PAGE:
Death in Florida may result in wrongful death claim

On Behalf of | Sep 25, 2014 | Wrongful Death |

Florida residents do not die exactly the same way. Some may have been killed in car accidents, on the job or possibly from an ill-fated disease. However, if someone’s death stems from the negligence of another individual or company, the victim’s surviving family may find itself in a great deal of distress.

Fortunately, there are laws that are designed to hold negligent parties liable for fatalities that resulted from their actions. When someone dies due to the misconduct or negligence of another, the victim’s family can choose to pursue a claim against the offending party. But bringing a successful wrongful death claim depends on certain elements. These include the death of the individual, as well as the monetary injury incurred by the surviving family as a result of the fatality. The primary element in a wrongful death case would be the potential negligence caused by another or the intent to cause harm.

There are number of circumstances that may lead to a wrongful death case. Fatal medical errors committed by doctors or by a hospital may result in a wrongful death. This also applies to motor-vehicle crashes caused by another driver’s negligence. Wrongful death cases may also arise from work-related deaths, such as hazardous conditions in the workplace or occupational exposure. The potential criminal behavior of an individual that led to the death of another can also be included in these circumstances.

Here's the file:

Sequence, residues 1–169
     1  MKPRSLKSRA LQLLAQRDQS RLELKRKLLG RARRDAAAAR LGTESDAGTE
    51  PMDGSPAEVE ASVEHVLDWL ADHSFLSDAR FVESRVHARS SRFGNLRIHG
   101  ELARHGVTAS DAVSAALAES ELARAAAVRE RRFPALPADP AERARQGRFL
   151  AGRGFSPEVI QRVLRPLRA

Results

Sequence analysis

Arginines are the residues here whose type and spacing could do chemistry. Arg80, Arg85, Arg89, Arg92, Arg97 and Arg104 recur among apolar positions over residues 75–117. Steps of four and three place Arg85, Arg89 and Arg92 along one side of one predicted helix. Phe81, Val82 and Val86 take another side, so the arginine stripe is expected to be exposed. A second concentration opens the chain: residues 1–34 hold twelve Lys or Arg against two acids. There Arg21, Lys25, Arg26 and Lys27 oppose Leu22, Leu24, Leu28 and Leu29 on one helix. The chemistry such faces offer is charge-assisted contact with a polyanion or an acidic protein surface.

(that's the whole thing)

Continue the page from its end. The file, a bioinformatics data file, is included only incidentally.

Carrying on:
Whether the defendant is alive or deceased, a wrongful death claim can still be pursued, provided that the possible negligence of the defendant contributed to the untimely passing of the victim. Plaintiffs can even issue the claim against a deceased person’s estate.

There is a lot at stake when it comes to a wrongful death cases and it can be complex and confusing for both parties. The procedures used in a wrongful death action will depend heavily on Florida’s wrongful death statute.

Source:, “Wrongful Death Overview,” accessed on Sep. 17, 2014


attorneys Brad Culpepper and Brett J. Kurland